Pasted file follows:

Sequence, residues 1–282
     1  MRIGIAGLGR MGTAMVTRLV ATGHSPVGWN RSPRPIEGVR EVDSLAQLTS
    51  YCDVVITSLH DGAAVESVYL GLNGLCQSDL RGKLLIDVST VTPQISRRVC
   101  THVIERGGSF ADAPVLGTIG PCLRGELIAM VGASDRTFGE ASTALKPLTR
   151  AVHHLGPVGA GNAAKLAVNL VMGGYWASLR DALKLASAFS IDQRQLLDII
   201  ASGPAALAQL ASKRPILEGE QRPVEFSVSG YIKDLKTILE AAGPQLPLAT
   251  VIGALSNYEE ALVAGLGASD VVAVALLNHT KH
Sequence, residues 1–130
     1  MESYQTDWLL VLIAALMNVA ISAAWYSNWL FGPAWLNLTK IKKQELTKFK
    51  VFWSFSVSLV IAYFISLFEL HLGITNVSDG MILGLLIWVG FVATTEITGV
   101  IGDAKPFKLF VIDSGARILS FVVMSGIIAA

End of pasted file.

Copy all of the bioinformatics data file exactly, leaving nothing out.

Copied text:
Sequence, residues 1–282
     1  MRIGIAGLGR MGTAMVTRLV ATGHSPVGWN RSPRPIEGVR EVDSLAQLTS
    51  YCDVVITSLH DGAAVESVYL GLNGLCQSDL RGKLLIDVST VTPQISRRVC
   101  THVIERGGSF ADAPVLGTIG PCLRGELIAM VGASDRTFGE ASTALKPLTR
   151  AVHHLGPVGA GNAAKLAVNL VMGGYWASLR DALKLASAFS IDQRQLLDII
   201  ASGPAALAQL ASKRPILEGE QRPVEFSVSG YIKDLKTILE AAGPQLPLAT
   251  VIGALSNYEE ALVAGLGASD VVAVALLNHT KH
Sequence, residues 1–130
     1  MESYQTDWLL VLIAALMNVA ISAAWYSNWL FGPAWLNLTK IKKQELTKFK
    51  VFWSFSVSLV IAYFISLFEL HLGITNVSDG MILGLLIWVG FVATTEITGV
   101  IGDAKPFKLF VIDSGARILS FVVMSGIIAA